• rheumatoid arthritis (chronic joint inflammation that can destroy the affected joint)
  • Tissue death (necrosis) in the joint area
  • Breaks (fractures) in the joint area
  • joint stiffening

Sometimes an already implanted endoprosthesis has to be exchanged for a new one.

What do you do with an endoprosthesis?

Beforehand, the doctor will ask you about previous illnesses, injuries, medication and allergies. He will examine the affected joint for mobility, stability and pain and will explain the operation to you. Preparation for the procedure also includes blood tests and imaging – X -rays , computed tomography (CT), magnetic resonance imaging (magnetic resonance imaging, MRI).

course of the operation

The operation is performed under general anesthesia. The surgeon gains access to the affected joint via a large skin incision (classic surgical method) or several small incisions through which the necessary instruments are inserted (minimally invasive variant). He pushes the muscles in the joint area as gently as possible to the side – if necessary, he also cuts them.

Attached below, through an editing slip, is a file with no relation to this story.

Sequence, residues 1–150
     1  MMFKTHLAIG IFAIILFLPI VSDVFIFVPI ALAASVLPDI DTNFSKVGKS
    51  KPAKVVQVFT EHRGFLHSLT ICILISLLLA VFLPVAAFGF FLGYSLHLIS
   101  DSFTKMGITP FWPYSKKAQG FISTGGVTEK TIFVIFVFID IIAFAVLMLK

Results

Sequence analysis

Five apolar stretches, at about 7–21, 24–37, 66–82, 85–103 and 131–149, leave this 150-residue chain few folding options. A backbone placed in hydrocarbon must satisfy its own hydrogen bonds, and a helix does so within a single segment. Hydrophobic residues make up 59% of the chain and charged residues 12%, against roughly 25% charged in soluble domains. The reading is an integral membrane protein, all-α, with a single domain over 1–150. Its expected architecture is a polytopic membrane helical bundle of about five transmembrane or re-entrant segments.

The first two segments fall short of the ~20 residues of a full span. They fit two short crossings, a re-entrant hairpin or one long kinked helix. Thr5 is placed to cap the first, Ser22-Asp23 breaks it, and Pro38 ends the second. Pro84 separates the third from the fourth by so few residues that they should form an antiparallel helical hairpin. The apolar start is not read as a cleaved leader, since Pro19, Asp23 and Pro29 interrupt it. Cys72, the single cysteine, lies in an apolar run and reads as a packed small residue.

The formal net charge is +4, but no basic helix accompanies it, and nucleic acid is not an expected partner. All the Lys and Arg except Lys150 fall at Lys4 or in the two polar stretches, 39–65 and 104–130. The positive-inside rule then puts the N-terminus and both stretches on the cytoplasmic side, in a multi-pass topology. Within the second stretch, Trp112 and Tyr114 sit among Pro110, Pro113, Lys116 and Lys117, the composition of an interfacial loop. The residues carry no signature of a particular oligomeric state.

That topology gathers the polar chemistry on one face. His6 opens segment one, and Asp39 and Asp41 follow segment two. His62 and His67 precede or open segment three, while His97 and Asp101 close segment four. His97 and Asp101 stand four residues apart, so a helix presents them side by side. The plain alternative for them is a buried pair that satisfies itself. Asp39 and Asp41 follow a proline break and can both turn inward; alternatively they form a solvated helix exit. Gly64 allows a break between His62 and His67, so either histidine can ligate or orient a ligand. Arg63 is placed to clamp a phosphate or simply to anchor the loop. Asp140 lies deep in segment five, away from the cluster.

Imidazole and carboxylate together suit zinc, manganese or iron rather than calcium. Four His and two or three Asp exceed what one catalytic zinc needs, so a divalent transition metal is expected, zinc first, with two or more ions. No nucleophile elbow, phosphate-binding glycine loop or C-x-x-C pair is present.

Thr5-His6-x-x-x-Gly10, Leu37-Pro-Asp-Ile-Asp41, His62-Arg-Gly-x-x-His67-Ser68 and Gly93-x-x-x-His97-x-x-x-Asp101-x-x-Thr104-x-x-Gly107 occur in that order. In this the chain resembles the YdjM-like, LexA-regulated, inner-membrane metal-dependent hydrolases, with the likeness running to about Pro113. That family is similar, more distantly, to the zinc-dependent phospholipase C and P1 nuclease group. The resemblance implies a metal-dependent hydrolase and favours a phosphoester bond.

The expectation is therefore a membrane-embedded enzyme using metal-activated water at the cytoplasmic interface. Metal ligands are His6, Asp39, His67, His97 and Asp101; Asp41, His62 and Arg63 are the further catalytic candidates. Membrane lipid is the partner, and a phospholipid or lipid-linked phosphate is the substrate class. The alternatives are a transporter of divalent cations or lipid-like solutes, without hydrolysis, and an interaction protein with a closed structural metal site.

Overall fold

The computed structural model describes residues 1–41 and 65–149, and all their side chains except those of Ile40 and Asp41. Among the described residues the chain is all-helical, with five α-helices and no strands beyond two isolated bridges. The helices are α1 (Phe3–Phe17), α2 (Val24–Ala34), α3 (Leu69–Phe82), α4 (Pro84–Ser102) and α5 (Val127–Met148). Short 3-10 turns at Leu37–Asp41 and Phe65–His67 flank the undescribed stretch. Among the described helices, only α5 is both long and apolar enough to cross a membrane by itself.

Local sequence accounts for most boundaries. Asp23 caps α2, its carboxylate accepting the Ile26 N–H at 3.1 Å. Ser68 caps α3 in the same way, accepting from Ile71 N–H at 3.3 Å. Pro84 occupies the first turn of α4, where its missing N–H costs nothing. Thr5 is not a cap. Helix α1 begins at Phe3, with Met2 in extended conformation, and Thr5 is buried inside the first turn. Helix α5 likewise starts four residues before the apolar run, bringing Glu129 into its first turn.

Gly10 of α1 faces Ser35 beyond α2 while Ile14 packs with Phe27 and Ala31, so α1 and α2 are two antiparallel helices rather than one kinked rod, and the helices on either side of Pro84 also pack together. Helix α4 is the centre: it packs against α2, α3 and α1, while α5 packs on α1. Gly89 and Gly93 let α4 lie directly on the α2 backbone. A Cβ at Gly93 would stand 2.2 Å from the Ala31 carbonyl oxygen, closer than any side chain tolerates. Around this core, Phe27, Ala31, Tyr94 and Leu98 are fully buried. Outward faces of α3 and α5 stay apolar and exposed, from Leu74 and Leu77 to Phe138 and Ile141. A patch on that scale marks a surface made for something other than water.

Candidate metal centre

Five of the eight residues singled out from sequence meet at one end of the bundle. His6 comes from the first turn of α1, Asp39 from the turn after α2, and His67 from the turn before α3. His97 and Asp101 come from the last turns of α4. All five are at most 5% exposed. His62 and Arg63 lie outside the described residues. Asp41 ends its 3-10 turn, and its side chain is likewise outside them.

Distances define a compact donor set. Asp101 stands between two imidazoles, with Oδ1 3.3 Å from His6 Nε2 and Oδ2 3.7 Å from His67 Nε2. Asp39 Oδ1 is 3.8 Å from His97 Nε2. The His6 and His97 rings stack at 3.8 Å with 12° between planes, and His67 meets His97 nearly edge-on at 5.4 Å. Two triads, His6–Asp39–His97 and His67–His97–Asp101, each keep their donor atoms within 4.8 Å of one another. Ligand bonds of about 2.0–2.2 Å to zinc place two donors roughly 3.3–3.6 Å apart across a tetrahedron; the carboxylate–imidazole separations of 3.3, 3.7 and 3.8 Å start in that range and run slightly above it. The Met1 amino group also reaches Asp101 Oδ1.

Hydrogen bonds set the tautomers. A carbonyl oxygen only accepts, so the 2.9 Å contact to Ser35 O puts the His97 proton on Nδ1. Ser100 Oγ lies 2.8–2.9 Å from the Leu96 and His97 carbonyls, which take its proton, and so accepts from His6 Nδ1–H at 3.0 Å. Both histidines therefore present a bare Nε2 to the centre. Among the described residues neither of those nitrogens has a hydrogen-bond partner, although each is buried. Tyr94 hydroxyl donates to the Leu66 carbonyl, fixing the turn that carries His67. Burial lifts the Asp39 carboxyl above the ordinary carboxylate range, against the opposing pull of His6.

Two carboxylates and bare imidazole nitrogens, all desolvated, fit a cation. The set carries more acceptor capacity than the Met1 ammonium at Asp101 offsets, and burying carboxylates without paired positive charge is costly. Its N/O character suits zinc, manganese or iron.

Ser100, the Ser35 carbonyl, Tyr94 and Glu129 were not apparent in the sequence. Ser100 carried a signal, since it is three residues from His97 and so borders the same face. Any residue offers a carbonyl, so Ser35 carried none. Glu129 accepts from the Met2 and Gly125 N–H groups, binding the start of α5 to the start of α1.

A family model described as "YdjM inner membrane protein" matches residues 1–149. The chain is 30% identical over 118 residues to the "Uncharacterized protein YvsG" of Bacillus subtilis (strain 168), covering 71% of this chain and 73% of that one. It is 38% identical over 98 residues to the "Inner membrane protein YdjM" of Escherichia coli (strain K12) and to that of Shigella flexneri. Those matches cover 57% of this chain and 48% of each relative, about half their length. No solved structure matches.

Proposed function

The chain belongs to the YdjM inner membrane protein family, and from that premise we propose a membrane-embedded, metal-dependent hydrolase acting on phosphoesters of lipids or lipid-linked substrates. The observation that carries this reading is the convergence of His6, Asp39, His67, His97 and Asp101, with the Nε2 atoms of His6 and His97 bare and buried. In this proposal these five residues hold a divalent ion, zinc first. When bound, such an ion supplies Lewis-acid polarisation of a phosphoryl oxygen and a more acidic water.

Then the surgeon opens the joint capsule that surrounds the actual joint. In this way, he can remove damaged or worn joint surfaces and articular cartilage. The remaining bone surfaces are prepared for the endoprosthesis with special rasps, milling machines and saws.

A trial implant is now used to check the size, mobility and stability required for the artificial joint replacement. The finally selected suitable endoprosthesis is then – if it is a cemented variant – connected to the bone with the help of so-called bone cement. A cementless endoprosthesis with its cone-shaped anchorage, on the other hand, is hammered into the bone and thus secured (press-fit fixation). A screw connection between the endoprosthesis and the bone is also possible.

Finally, the surgeon checks the correct fit and mobility of the artificial joint. An X-ray may be taken to check before the wound is sewn up. A bandage protects the wound from infection.